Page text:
YOU COULD BE A DUAL CITIZEN BY BIRTH

A lot of children of Filipino ancestry who are born in the U.S. are not aware that they are citizens of both the U.S. and Philippines or are dual citizens by birth. A dual citizen by birth is different from a dual citizen by election; the former is a citizen of two countries by the mere fact of birth, while the latter becomes a dual citizen by reacquiring a lost citizenship after being naturalized as a citizen of another country.

To better understand what a dual citizen by election is, the following illustration will be helpful: Johnny was born in the Philippines with Filipino parents, which makes him a Philippine citizen. He migrated to the U.S. and became naturalized as a U.S. citizen. His U.S. naturalization resulted in the loss of his Philippine citizenship.  He applied for re-acquisition of his Philippine citizenship under Republic Act No. 9225 or Philippine Dual Citizenship Law. Upon approval of his application, Johnny will once again become a Philippine citizen, in addition to being a U.S. citizen.

Under Article IV, Section 1 of the 1987 Philippine Constitution, the following are citizens of the Philippines:

  1. Those who are citizens of the Philippines at the time of the adoption of this Constitution;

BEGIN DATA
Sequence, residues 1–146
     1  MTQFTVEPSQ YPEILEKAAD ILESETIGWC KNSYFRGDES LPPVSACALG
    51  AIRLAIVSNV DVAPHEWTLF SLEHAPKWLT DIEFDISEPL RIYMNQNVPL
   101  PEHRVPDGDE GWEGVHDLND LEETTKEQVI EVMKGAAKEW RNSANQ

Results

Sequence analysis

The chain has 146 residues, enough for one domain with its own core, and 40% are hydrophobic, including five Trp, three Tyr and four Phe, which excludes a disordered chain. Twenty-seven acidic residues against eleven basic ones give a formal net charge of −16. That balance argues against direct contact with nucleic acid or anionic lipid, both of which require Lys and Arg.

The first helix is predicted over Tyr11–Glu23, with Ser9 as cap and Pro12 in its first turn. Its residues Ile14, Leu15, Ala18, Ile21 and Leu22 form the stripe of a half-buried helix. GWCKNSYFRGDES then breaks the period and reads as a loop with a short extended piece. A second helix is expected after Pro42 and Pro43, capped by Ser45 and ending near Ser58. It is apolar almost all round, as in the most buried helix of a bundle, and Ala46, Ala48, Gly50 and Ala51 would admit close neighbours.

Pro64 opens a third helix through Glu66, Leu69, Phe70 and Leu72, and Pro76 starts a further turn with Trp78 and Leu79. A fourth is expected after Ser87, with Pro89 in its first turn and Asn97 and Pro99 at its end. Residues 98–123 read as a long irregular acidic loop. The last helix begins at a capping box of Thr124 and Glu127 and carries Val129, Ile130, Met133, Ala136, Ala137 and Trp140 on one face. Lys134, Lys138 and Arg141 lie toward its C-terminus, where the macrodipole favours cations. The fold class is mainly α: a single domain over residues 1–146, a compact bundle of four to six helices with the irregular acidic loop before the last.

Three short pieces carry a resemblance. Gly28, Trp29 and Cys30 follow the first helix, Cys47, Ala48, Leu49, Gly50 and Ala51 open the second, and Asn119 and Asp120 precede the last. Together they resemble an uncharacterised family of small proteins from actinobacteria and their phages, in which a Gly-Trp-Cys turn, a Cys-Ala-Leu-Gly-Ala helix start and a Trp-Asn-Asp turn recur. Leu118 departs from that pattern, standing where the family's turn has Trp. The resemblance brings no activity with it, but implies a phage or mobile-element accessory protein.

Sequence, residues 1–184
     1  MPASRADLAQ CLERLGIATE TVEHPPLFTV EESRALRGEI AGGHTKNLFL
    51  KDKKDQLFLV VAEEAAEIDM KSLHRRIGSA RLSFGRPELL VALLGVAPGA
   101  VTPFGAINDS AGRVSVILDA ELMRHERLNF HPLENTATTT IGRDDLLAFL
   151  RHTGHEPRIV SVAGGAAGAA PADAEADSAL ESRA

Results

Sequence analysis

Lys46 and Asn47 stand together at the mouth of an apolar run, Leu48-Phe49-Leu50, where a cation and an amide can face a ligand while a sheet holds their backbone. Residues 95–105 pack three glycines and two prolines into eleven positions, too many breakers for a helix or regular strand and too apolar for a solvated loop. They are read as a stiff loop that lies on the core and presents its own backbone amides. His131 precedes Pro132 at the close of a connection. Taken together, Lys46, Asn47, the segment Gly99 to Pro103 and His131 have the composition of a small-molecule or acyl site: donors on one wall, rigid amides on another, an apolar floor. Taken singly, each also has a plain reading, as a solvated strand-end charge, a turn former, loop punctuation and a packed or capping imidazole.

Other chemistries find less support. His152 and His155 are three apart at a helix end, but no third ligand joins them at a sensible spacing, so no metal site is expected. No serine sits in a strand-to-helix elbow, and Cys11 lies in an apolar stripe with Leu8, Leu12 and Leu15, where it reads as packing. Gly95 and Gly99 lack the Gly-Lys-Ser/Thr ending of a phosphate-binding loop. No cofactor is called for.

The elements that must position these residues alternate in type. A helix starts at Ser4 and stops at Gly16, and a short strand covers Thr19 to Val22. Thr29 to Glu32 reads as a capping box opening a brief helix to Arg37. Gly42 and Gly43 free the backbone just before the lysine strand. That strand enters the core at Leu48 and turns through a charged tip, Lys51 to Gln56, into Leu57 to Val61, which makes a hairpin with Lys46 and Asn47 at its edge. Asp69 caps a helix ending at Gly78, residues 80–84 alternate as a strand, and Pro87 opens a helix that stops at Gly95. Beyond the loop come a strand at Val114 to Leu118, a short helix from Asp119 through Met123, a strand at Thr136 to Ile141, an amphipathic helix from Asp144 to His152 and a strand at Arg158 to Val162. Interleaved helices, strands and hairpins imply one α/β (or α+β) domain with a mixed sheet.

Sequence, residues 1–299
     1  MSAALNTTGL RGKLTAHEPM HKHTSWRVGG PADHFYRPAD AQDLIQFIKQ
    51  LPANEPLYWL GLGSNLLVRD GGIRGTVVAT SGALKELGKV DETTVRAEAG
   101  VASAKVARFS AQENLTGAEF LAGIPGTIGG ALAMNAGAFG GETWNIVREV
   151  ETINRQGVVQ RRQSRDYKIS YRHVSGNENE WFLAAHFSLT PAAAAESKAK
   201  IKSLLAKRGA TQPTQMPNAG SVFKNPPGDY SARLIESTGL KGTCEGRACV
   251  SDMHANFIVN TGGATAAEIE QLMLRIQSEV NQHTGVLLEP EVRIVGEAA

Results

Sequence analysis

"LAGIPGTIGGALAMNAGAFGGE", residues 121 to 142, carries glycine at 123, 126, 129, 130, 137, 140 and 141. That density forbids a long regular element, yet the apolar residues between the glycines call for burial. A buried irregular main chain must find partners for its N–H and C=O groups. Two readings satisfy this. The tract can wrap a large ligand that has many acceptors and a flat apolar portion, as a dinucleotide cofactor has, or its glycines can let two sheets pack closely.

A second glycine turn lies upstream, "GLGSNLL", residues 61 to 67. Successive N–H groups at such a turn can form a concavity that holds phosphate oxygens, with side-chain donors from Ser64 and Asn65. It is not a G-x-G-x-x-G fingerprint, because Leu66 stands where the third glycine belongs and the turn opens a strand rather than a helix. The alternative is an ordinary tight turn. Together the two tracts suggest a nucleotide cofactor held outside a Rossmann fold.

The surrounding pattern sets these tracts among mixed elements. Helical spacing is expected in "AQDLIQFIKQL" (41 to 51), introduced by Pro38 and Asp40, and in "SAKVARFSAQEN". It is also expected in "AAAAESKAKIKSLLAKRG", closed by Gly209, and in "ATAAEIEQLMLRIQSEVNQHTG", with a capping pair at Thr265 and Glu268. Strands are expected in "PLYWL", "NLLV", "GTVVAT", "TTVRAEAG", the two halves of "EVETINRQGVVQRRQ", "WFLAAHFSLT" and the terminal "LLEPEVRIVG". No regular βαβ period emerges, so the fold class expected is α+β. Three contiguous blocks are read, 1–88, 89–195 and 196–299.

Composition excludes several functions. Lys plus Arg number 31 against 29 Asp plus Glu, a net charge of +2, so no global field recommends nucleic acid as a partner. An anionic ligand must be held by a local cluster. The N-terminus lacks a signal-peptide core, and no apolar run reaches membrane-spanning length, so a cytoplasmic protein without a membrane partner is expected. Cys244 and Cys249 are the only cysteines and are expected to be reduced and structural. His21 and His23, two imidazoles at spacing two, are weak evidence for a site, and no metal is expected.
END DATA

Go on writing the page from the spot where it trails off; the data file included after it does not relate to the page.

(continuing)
2. Those whose fathers or mothers are citizens of the Philippines;
  3. Those born before January 17, 1973, of Filipino mothers, who elect Philippine citizenship upon reaching the age of majority; and
  4. Those who are naturalized in accordance of law

Thus, if a child is born in the U.S. and both or one of the parents is a Philippine citizen then that child is, for all intents and purposes, a citizen of both the U.S. and Philippines. The child is a dual citizen by birth. There is no need to apply for reacquisition of Philippine citizenship under the Dual Citizenship Law, because the Philippine citizenship was never lost.  Instead, the individual must apply for recognition of Philippine citizenship with the Philippine Bureau of Immigration.

To avoid the trouble and expense of having to apply for recognition of Philippine citizenship later on, the birth of a child in the U.S. with one or two Filipino parents should be reported to the nearest Philippine Consulate so that the corresponding birth certificate attesting to the child’s Philippine citizenship can be secured.